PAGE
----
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September 23, 2009

China More Likely to Keep Purchasing Gold

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It is said from a commercial banker on Tuesday that China is more likely to keep purchasing gold from its domestic producers rather on the global markets if it decides to increase its stockpile.

The State Administration of Foreign Exchange, an arm of the central bank, disclosed in April that it had raised its gold reserves to 1,054 tonnes from 600 tonnes since 2003 — but by buying from local producers and on the domestic market.

“China has no need at all to buy gold from the international markets,” Lila Lu, head of precious metals at Minsheng Bank Corp, told Reuters.

“Because China is a large gold producer, it can source gold directly from its domestic makers, most of which are state-run enterprises,” she said.

Minsheng, a medium-sized commercial bank based in Beijing, is China’s first listed non-state lender.

Analysts expect China to add to its gold holdings as a hedge against dollar depreciation, and speculation is swirling that Beijing will buy some of the bullion being offered for sale by the International Monetary Fund.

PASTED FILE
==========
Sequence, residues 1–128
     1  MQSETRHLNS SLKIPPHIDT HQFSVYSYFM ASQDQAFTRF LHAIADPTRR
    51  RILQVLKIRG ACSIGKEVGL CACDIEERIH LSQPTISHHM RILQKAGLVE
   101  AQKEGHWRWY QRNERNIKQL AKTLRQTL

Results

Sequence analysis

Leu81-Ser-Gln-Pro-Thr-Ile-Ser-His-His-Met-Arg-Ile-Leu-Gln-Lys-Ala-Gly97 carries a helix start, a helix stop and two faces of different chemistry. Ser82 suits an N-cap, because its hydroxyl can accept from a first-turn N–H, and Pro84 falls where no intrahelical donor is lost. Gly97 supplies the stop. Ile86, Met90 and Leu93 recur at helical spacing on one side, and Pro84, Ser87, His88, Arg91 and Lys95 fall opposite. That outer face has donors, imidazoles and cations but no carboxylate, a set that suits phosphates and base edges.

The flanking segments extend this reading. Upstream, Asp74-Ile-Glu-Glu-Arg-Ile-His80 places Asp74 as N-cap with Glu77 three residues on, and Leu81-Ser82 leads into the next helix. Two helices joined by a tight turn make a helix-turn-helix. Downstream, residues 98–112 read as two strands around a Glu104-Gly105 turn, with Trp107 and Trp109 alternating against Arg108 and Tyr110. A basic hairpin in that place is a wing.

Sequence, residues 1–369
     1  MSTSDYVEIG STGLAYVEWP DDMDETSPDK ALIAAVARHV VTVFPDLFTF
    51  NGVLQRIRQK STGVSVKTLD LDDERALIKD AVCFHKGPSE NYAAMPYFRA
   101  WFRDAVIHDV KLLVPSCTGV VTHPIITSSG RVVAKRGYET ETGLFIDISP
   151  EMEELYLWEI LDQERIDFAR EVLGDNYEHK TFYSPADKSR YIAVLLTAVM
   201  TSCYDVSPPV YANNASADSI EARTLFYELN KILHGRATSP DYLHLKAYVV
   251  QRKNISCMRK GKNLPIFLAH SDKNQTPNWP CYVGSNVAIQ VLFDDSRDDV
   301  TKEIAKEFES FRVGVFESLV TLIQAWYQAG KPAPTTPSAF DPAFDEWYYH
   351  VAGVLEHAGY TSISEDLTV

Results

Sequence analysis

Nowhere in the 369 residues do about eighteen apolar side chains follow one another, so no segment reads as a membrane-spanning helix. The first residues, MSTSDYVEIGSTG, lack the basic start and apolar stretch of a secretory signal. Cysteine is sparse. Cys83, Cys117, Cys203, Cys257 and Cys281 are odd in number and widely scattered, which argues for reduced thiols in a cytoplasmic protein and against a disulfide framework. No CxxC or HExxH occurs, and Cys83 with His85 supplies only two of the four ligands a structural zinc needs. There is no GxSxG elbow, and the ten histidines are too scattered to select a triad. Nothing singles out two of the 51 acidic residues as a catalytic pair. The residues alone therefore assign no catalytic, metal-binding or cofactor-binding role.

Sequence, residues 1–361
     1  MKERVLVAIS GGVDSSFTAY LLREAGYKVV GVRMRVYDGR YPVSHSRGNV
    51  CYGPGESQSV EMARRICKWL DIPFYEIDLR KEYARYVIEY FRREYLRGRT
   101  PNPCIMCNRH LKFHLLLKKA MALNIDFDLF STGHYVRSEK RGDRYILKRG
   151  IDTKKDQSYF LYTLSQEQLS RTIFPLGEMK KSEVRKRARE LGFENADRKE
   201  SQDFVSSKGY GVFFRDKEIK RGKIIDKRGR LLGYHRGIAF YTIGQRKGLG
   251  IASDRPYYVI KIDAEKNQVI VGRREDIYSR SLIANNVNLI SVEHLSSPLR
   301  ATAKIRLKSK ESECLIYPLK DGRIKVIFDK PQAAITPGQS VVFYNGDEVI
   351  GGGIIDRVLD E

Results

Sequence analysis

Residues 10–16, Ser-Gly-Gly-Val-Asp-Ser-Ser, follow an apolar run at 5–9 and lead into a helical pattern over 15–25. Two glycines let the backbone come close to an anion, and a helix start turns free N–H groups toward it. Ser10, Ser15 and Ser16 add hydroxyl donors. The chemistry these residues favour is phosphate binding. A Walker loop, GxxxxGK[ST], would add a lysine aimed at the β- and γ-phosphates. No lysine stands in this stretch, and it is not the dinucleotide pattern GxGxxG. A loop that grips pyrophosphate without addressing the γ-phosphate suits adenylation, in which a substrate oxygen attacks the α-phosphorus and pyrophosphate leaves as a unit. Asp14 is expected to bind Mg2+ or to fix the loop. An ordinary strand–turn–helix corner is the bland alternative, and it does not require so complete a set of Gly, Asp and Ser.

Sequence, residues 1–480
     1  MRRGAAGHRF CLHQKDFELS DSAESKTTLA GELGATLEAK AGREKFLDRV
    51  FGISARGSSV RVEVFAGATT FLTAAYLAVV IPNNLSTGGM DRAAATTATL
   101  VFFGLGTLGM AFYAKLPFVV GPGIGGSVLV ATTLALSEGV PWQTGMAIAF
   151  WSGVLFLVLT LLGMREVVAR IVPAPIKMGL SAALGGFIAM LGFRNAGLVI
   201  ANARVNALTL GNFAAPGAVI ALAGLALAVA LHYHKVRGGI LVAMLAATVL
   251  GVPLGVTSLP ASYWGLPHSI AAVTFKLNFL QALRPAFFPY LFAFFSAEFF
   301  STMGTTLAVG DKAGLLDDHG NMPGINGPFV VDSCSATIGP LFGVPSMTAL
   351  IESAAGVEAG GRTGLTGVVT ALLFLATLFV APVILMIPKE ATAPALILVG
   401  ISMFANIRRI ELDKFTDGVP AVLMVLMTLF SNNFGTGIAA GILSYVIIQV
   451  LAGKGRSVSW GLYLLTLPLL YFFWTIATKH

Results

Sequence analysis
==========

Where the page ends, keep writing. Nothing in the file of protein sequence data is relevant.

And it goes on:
“It’s possible. It would be normal if we did buy, but it may also be a rumour,” Lu said.

Chinese officials have said they are keen to diversify the country’s $2.13 trillion of official currency reserves, some 70 percent of which are invested in dollar-denominated securities.

But Lu said there was no reason for China to dip into its reserves to buy gold.

“China has many other ways to invest its foreign exchange reserves. Why should we use dollars to buy gold? We can use yuan instead to purchase gold from domestic producers,” she said.

China surpassed South Africa in 2007 to become the world’s largest gold producer and output reached a record high of 282 tonnes in 2008. In the first half of this year, production rose by 13.5 percent from a year earlier to 146.5 tonnes.

Lu said she saw growing Chinese investment demand for gold, especially gold-linked products that can be more easily traded than bullion. These include “paper gold” sold through banks and margin trading on the Shanghai Gold Exchange.

“While I don’t see much change in physical gold trading, I feel that paper gold and margin trading will see big growth in China in coming years,” Lu said.

She said she expected turnover on Shanghai’s gold bourse to fall this year because of reduced price volatility.

Minsheng traded 208.3 tonnes of gold, or 13.3 percent of the exchange’s total, in 2008.

She said global economic uncertainty and the prospect of further dollar weakness could push gold up to $1,200 an ounce by the end of this year. The metal rose about $9 on Tuesday at $1,011.55.

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